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Michael Nagrant | Photo: Anthony Tahlier | October 30, 2013
Most people know that Chicago Blackhawks General Manager Stan Bowman built the teams that battled for the 2010 and 2013 Stanley Cups, but not as many know that he also had two semi-private battles with cancer. Bowman contracted Hodgkin’s lymphoma (cancer of the lymph nodes) in 2007 and, after the disease went into remission, it reappeared in 2008.
Bowman was able to fight the cancer and is currently cancer-free with help from Chicago-based Imerman Angels, a nonprofit that matches mentors who fought and survived cancer with people who are currently fighting the disease. Bowman was recently named to the board of directors for the nonprofit. We caught up with him before the current 2014 NHL season opener to talk about charity and see what we can expect from the Blackhawks this year.
How did you hook up with Imerman Angels?
Justin Duberman—he’s a player’s agent—he mentioned that I might want to get in touch with Jonny Imerman. He [Imerman] is a special kind of guy. He’s one of those people who catches your attention with his enthusiasm for life. The whole benefit of the organization is that they put you in touch with people that lived the same thing you’re living and have come out the other side. … If you can see someone came through the treatment, that they’re all right, it gives you hope. This organization shows you cancer isn’t insurmountable.
Marc Bergevin [who was then a scout with Hawks] said in an interview that when you were going through your battle, you just kept working, that if people didn’t really pay attention, they wouldn’t even know you were sick. How did you keep working during what was obviously a very stressful time?
[My kids] were 3 and 5 years old. Kids that age don’t really process things like this. They know their dad’s sick. I think the important thing is to do what you’ve always done, which is go to work. There were a couple days a month following my treatments when I wouldn’t come in, but I was lucky I was healthy enough to come in the office.
You’ve got a lot of long-term contracts with players. You’ve won two Cups. How do you keep the team hungry and motivated?
The younger players help. They’re really hungry. … And the guys we’ve locked up, they’re really competitive. It’s not about the money for them. When they get a long-term contract, they still want to win every year.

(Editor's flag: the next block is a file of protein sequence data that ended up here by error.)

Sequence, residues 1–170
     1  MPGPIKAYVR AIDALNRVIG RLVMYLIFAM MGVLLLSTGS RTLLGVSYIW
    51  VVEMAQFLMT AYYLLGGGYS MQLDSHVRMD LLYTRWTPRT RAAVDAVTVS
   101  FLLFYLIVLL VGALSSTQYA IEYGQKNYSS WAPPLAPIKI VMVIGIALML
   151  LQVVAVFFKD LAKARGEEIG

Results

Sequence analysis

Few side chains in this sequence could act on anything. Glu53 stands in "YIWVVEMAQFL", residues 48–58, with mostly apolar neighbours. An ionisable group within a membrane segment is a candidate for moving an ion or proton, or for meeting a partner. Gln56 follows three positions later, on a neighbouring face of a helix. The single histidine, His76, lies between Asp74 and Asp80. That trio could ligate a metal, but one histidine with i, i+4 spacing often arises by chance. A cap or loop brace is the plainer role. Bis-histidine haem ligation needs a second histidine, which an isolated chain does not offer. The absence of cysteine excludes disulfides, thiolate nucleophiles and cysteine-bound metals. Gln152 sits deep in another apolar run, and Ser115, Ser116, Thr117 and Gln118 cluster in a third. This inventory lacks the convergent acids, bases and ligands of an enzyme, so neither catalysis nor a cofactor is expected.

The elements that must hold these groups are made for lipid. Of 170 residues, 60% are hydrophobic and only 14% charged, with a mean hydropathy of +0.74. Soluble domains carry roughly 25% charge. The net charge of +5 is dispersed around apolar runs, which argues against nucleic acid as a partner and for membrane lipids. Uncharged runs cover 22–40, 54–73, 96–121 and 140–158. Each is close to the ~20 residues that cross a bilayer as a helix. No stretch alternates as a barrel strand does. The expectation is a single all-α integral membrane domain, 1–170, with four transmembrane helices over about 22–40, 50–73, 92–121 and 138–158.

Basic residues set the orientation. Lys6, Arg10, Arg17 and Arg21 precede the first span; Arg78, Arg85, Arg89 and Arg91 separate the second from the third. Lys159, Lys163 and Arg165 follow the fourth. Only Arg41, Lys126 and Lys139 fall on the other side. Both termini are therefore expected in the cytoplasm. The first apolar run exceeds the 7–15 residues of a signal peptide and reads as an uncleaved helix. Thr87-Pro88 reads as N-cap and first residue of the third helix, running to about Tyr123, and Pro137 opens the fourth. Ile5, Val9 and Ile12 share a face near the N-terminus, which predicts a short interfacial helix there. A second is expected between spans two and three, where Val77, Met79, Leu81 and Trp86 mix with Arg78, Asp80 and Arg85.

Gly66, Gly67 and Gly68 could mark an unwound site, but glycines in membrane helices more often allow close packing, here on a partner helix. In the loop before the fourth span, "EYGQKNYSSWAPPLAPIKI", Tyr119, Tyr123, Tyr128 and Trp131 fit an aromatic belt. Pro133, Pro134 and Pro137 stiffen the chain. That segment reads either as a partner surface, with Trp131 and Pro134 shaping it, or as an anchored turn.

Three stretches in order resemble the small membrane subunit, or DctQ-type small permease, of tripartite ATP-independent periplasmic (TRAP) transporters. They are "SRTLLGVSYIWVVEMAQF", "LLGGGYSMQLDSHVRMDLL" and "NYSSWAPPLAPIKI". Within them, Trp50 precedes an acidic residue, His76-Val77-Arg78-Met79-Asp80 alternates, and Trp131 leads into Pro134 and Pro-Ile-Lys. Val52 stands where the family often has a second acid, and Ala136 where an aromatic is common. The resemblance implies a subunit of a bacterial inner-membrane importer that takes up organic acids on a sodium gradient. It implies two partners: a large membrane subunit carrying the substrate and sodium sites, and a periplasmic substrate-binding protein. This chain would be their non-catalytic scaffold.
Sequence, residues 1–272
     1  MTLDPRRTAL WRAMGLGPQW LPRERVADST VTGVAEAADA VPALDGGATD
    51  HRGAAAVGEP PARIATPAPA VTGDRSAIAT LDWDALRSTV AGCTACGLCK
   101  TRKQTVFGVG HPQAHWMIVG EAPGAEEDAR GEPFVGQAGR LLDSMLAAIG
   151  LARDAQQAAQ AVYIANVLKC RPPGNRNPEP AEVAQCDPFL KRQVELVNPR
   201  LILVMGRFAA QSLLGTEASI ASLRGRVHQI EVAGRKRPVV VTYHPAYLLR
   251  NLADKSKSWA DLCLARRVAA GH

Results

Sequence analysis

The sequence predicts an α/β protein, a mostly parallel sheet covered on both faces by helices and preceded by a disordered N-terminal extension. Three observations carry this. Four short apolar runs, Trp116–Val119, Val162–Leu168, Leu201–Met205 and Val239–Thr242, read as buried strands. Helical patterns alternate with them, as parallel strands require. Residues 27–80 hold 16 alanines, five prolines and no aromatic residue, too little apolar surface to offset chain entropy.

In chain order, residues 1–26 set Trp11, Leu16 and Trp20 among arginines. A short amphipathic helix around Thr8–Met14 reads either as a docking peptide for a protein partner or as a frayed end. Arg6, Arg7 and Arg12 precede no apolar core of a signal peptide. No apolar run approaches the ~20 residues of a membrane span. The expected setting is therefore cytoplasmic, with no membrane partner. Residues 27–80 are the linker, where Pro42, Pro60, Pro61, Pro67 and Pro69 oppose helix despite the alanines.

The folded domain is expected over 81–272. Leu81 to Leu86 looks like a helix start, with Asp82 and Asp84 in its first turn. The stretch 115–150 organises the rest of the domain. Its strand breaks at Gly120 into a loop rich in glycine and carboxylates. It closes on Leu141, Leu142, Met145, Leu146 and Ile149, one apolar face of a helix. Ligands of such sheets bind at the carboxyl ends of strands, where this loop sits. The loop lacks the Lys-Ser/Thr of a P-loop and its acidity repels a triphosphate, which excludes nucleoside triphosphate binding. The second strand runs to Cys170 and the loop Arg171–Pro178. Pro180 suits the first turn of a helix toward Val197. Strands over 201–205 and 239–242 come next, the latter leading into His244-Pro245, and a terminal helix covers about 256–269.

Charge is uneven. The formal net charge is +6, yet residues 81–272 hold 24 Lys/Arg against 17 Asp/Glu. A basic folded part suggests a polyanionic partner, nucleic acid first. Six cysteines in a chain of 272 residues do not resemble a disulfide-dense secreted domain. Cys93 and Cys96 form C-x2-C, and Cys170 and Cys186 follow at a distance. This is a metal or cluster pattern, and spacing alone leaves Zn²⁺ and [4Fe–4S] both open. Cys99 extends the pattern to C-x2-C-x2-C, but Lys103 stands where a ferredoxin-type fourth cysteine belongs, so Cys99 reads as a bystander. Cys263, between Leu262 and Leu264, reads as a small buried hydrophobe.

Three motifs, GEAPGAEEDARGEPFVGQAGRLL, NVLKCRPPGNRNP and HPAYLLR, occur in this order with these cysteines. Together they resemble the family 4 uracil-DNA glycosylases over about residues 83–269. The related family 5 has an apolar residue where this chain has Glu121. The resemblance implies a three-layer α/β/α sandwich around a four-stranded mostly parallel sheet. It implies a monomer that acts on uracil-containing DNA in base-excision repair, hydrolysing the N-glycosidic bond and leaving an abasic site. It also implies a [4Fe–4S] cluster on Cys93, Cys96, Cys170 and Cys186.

Is it easier or harder to win the second Stanley Cup?
You have a greater appreciation for how hard it is to win the second time around—2010 was a magical time, but after we won in 2010, we [still] had really good teams and didn’t get past the first round.
You grew up in a hockey family, but you also studied accounting and finance at Notre Dame. You worked as a consultant. Do you do things differently as a general manager because you didn’t play for 20 years?
I think so. You know my dad [the legendary Scotty Bowman] asked a lot of questions and never assumed he knew more than anyone else. He would get ideas from the electrician that would come over. … As a consultant, you go into an organization, and you listen to people. … You really have to understand what’s going on instead of assuming what’s going on.
The Livestrong organization gave Imerman Angels $10,000 in 2012. You’re a sports guy who had cancer. I’m guessing you thought about what happened with Lance [before you joined the board]?
Lance inspired a lot of people, and at the end of the day, that’s really all that should matter. I understand what people say and that the questions will arise. But there are millions of people around the country who were inspired by his story… to fight on and do good for cancer and cancer research. I don’t think you should toss all that aside because of the reality.… You have to try to look at all the positives that came out of it. … One thing I learned in my cancer is try not to get caught up in the details and minutiae of daily life.